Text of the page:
It is a reform that has bipartisan support – it was initiated by a Labor government – and the prospect of choice has been warmly embraced by people with a disability and their carers. But until very recently, when questions concerning the design and stewardship of the supply side were raised, policymakers responded: ‘oh, the market will fix that’. The problem is that there is no market – that is the challenge that policymakers have set. And there is no reason why the market will address supplier failure in a timeframe that will be relevant to a person with a severe disability. …

I think many so-called public service markets are much more like corporate supply chains than commodity markets. If Ford mismanages its supply chain, so that its vehicles burst into flames, there is no point blaming their suppliers. It is Ford that will face the cost of recall. It is Ford’s brand that will be trashed. It is Ford’s share price that will suffer. And while Ford may lay off some of the blame on its suppliers, it is Ford that will bear the vast majority of the reputational and financial cost. Continue reading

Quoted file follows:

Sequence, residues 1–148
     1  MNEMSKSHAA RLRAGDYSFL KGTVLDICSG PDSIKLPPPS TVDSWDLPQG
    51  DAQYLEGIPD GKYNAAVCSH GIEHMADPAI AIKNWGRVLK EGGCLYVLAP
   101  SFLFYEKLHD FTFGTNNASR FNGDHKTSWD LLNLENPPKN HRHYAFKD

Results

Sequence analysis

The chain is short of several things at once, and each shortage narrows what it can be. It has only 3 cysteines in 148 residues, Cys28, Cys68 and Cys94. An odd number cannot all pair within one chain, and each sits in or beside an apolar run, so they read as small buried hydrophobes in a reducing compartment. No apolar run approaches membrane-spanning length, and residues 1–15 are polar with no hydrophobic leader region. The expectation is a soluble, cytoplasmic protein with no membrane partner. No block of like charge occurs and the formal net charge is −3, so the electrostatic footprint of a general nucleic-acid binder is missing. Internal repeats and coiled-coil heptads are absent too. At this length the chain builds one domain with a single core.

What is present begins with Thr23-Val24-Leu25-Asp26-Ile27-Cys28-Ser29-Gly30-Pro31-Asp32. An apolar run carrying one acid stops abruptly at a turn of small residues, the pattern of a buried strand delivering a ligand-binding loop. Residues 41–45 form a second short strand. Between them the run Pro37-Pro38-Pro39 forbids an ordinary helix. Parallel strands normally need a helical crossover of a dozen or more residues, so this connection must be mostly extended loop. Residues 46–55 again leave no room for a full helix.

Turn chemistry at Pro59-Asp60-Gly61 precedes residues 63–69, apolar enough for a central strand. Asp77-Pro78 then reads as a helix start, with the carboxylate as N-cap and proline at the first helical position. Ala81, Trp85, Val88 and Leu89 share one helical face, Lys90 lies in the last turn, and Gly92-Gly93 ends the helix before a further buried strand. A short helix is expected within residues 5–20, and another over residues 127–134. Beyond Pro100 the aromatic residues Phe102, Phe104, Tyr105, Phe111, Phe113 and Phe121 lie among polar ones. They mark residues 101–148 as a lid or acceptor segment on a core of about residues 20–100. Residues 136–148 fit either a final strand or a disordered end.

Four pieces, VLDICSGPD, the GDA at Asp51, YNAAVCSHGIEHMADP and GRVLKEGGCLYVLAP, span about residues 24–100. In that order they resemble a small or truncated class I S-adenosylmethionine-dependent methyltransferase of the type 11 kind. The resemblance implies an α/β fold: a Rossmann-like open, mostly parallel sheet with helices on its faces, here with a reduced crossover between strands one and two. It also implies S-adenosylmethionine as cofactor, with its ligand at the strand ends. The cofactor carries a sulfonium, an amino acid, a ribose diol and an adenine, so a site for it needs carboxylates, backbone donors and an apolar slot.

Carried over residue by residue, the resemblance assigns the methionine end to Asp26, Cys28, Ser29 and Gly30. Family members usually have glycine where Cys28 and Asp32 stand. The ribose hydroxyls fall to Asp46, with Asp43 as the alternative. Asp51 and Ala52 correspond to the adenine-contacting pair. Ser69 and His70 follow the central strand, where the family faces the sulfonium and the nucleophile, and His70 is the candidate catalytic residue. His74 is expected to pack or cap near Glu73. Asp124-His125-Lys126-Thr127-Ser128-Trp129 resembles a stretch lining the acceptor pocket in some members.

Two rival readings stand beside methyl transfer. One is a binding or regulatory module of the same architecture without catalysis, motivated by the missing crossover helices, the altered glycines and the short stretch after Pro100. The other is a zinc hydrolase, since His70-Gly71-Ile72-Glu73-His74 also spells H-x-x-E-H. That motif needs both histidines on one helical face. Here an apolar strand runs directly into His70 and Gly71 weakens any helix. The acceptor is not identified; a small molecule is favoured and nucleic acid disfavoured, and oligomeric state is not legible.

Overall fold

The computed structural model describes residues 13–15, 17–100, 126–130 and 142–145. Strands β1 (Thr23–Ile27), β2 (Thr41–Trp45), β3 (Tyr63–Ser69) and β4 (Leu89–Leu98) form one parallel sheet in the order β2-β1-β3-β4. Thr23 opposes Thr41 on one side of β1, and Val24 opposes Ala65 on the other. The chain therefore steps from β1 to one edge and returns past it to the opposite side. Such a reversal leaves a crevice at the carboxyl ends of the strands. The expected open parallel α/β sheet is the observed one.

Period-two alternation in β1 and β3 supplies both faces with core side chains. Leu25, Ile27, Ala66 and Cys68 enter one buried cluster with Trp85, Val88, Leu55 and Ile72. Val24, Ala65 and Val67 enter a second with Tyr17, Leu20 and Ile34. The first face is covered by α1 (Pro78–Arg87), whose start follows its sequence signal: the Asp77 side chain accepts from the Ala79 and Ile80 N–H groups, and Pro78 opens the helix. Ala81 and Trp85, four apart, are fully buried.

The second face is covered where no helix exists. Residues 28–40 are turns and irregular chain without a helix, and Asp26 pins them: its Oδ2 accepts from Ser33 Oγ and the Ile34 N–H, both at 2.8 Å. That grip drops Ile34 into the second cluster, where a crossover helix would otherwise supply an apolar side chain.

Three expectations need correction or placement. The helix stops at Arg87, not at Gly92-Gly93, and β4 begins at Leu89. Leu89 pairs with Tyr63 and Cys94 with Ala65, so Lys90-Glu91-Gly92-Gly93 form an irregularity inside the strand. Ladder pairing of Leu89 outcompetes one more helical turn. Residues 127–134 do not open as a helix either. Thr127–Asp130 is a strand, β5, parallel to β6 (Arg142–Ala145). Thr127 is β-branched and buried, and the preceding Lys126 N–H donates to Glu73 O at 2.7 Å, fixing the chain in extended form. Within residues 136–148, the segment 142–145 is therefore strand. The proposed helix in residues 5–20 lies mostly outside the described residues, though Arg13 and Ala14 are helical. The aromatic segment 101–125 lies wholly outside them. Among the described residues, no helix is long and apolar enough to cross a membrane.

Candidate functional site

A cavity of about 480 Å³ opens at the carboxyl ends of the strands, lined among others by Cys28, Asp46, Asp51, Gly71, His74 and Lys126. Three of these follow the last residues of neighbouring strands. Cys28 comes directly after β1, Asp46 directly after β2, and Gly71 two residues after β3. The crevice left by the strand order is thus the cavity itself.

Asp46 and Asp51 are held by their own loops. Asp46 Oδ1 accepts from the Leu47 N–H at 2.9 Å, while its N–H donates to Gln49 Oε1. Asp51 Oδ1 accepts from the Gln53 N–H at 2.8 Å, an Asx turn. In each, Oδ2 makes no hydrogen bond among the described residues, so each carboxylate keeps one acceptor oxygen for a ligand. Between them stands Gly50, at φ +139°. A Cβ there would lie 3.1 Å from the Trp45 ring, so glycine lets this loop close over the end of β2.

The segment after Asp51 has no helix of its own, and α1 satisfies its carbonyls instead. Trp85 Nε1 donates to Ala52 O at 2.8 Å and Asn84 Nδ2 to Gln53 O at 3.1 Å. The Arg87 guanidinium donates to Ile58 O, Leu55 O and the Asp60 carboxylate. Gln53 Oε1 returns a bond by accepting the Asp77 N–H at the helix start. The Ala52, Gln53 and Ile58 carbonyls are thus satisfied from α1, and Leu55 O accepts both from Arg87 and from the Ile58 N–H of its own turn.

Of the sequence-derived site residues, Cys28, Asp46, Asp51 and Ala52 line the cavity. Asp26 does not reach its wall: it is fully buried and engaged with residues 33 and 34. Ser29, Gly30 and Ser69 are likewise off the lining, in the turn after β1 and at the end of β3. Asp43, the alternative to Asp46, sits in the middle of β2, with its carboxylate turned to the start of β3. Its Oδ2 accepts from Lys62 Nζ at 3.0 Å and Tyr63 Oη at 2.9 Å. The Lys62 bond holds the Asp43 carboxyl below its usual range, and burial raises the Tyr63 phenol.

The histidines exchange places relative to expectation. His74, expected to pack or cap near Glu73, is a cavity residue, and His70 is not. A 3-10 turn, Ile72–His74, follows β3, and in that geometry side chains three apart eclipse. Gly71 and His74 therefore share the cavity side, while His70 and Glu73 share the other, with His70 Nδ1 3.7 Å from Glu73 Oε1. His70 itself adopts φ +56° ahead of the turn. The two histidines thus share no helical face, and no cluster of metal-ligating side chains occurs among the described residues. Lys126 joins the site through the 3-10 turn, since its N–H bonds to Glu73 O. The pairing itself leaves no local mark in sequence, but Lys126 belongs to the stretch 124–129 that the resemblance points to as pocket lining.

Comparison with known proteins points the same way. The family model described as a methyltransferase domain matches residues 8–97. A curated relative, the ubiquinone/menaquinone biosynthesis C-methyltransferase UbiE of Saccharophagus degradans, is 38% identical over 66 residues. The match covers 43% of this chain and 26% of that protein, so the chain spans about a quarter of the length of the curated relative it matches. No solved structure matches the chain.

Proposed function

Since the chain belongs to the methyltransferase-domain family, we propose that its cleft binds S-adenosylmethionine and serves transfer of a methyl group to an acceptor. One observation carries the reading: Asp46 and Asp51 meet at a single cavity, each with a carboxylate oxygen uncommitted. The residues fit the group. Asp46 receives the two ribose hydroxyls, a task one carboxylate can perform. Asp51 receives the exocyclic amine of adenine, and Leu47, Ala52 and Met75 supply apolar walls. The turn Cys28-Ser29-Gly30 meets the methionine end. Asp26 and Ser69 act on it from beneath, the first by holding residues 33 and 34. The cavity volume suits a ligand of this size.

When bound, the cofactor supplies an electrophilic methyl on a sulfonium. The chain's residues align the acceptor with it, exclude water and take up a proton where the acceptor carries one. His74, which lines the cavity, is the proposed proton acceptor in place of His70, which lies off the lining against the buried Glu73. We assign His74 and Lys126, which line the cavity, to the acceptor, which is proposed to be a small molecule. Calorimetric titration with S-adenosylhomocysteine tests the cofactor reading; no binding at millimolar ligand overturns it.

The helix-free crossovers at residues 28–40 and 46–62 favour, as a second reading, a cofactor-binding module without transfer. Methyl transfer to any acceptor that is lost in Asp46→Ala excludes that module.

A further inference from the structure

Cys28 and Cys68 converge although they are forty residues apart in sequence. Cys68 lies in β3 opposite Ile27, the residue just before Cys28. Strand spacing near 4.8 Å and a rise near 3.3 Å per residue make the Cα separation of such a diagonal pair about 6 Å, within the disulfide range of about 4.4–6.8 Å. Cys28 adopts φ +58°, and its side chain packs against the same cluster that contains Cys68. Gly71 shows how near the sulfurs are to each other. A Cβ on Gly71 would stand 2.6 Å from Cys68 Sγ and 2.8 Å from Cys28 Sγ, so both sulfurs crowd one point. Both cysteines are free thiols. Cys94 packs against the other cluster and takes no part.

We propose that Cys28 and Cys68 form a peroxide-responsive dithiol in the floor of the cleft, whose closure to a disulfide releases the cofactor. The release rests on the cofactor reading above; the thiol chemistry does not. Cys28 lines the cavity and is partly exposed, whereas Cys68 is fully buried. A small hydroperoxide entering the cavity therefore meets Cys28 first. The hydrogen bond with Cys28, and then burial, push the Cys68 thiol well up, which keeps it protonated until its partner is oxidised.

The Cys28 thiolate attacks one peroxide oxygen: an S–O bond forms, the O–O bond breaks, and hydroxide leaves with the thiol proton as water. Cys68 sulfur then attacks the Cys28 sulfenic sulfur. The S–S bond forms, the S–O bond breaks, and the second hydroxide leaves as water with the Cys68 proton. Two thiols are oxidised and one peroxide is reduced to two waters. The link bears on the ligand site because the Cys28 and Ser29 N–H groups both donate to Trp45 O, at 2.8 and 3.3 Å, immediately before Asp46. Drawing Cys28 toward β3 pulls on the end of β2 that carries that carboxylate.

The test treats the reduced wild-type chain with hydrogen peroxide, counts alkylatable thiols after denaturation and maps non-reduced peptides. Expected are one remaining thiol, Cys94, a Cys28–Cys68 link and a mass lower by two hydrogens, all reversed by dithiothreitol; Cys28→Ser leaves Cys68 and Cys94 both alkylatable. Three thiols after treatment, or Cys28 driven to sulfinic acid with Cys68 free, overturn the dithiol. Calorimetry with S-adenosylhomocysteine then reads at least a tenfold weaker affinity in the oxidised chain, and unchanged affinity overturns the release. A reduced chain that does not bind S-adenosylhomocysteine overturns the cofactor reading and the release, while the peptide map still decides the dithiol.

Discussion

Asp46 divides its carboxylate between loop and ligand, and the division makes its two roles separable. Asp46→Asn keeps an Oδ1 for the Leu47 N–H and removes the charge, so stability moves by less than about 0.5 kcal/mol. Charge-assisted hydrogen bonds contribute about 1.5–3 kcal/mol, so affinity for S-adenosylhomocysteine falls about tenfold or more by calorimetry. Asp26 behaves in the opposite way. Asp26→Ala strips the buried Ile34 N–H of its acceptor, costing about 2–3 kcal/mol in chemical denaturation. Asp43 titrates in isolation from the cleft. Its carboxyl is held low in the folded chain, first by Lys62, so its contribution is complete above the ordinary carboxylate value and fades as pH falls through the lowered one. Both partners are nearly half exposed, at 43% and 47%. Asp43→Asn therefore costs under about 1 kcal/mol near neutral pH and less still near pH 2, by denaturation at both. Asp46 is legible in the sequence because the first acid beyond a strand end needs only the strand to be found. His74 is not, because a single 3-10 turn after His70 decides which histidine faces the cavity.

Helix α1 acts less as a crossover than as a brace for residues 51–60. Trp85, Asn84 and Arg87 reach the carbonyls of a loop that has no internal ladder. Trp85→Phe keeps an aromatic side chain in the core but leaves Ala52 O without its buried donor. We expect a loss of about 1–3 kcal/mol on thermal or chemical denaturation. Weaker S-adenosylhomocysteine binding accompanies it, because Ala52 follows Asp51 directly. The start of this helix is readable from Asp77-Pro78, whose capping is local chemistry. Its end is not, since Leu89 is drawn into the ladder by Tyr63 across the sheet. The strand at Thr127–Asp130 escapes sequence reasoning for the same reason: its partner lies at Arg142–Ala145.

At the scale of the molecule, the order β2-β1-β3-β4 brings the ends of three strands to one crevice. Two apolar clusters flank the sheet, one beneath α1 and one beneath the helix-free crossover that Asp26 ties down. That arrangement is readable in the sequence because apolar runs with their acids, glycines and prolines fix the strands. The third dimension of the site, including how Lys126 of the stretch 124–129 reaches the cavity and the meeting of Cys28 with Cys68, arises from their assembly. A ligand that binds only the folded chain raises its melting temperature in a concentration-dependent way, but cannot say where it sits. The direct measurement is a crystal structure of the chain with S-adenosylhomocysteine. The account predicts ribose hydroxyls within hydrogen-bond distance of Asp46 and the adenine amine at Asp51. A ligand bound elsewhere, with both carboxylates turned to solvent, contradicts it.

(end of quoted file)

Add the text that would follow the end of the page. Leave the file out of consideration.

Posted in Economics and public policy, Inequality, Philosophy, Political theory, Public and Private Goods, Society | 10 Comments

Bullshit: some more tidbits

Apropos of my general theory of bullshit – outlined here – here are a few more straws in the wind. Consistent with the theory, the the signal to ideological noise ratio in political speeches has been falling precipitously lately – at least in the US. This has been interpreted as ‘polarisation’. Certainly in US politics, on account of one of the mainstream parties having taken complete leave of their senses, there is more polarisation. But people are everywhere pretty despairing of their mainstream politics, even when it’s not been becoming more partisan (in many ways Australian political debate has been less partisan lately with two neoliberal parties battling it out for the consent of the governed.